Processions of yaks and somber men with heads covered in cloaks surrounded by awe-inspiring cathedrals. Long and tiring pilgrimage journey to see a miracle. Fiery gales that pick up stones and humans and throw them mercilessly to the ground.
It was only fitting to return back to the Cirque of Everest on the Easter Sunday. On a day with 80km/h winds that threw my body around like a small useless sail. To experience again an awe and exaltation before the forces of nature gathered in a demonic dance. To be struck by the beautiful menace of Khumbu icefall.
My Everest journey a year ago was compressed into mere 22 days. Like a strong coil when released it produced experiences that were extremely intense. Too intense, perhaps. Complete self-reliance for life and death above 8000 meters. At times blind and blinding egotism of my climbing partner. Utter failure of energy at some point. My own vanity of wanting to come across strong at all times.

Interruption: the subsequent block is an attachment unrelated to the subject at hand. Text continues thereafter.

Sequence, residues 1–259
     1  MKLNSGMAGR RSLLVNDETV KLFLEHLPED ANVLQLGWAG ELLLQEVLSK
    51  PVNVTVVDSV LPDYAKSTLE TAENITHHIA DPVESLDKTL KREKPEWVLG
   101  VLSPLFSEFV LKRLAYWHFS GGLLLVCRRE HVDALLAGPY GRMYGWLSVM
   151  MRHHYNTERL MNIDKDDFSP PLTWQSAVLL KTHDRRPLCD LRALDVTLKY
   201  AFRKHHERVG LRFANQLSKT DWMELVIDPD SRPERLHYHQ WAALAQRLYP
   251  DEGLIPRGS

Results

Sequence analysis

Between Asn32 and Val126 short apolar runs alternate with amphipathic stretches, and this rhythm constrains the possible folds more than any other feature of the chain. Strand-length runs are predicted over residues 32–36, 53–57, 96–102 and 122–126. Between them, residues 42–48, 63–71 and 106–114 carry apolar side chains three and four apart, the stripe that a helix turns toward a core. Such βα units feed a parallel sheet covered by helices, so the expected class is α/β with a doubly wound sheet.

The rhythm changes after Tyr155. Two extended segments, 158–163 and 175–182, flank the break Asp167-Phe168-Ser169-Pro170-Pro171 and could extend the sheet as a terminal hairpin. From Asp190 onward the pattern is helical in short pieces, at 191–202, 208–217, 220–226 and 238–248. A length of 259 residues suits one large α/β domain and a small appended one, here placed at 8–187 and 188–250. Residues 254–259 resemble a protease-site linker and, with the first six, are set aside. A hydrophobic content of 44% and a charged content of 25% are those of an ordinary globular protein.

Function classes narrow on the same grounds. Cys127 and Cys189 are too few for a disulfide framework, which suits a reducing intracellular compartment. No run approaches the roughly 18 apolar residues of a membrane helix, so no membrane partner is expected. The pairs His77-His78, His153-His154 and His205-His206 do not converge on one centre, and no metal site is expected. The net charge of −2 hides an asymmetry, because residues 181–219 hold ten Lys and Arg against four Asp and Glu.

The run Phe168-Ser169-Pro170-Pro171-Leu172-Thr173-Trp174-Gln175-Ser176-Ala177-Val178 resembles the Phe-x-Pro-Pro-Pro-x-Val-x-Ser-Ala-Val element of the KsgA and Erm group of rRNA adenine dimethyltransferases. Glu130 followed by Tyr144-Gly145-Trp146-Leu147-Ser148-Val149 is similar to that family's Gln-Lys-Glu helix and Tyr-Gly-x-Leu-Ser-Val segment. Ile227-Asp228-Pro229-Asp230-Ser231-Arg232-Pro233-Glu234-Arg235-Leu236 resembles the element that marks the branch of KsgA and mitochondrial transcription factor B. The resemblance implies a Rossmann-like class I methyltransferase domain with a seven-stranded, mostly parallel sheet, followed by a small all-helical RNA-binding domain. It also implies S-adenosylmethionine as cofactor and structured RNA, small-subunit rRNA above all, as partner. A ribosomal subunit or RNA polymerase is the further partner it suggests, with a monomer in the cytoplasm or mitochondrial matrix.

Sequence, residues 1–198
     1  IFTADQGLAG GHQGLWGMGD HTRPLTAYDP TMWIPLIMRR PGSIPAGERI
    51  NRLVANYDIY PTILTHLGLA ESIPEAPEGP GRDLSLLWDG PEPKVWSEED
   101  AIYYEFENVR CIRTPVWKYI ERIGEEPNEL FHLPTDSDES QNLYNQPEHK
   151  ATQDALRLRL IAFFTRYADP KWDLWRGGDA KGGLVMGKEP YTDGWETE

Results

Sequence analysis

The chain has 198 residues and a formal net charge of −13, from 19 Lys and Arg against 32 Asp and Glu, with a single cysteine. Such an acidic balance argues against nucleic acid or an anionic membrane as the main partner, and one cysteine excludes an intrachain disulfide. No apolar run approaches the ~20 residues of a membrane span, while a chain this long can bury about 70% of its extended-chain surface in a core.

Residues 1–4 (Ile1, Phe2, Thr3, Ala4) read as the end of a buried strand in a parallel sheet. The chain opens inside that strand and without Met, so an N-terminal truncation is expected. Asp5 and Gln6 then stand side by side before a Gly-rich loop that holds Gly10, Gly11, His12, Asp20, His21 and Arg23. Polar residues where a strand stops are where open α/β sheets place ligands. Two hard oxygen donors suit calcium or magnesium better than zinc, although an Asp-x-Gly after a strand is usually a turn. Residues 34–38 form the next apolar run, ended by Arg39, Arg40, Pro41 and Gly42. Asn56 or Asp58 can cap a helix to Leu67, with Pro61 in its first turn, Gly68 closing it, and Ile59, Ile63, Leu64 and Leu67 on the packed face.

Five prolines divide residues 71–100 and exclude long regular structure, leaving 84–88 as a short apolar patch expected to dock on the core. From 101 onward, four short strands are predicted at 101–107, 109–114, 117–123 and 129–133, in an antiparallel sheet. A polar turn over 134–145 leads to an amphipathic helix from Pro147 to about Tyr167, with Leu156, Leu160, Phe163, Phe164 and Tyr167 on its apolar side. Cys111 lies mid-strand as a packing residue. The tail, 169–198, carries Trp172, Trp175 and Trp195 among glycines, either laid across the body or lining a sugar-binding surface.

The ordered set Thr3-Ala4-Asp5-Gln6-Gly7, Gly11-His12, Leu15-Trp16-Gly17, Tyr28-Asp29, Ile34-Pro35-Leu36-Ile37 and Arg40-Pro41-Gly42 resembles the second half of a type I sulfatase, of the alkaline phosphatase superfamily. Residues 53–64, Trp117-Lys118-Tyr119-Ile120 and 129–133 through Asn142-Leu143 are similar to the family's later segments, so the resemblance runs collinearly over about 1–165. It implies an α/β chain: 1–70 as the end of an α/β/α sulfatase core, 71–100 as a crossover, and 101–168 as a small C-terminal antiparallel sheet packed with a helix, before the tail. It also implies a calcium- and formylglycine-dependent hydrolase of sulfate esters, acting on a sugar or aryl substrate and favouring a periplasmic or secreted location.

Today I had to relieve some of those moments. To push the memory buttons of pain and glory. To see friends who made me. To forgive myself and others. To purify that experience of inevitable vanity and pain. To contextualise the lessons learnt. To be overwhelmed by the love for the world and for living.
On my way back to Lobuche I passed by a trekker who was hard at work writing his name with a Sharpie on a stone. I told him off … then I remembered a 15th century inscription I once saw on a wall of a church in Jerusalem with not too different content. ‘John was here’. Everyone wants to have a piece of it. An awe inspiring cathedral.
I thought of my kids, sad not to be a part of their annual Easter egg hunt at a friend’s garden in Chamonix. I thought of a phrase used by my Jewish ancestors – for an entirely different reason – ‘Next year in Jerusalem!’ I made a promise to myself to take Freya and Theo on this pilgrimage to EBC – to initiate them into the poetry of sublime.